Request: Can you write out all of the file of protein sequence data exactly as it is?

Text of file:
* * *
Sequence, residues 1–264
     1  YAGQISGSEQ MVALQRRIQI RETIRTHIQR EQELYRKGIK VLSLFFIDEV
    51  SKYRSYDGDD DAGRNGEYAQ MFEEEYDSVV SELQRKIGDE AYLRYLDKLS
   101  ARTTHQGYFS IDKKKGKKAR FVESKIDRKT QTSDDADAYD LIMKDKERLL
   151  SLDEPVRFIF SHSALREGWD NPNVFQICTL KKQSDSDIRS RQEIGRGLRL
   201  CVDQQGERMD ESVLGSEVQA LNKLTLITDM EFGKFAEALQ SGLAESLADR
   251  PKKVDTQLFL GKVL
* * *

Sequence, residues 1–264
     1  YAGQISGSEQ MVALQRRIQI RETIRTHIQR EQELYRKGIK VLSLFFIDEV
    51  SKYRSYDGDD DAGRNGEYAQ MFEEEYDSVV SELQRKIGDE AYLRYLDKLS
   101  ARTTHQGYFS IDKKKGKKAR FVESKIDRKT QTSDDADAYD LIMKDKERLL
   151  SLDEPVRFIF SHSALREGWD NPNVFQICTL KKQSDSDIRS RQEIGRGLRL
   201  CVDQQGERMD ESVLGSEVQA LNKLTLITDM EFGKFAEALQ SGLAESLADR
   251  PKKVDTQLFL GKVL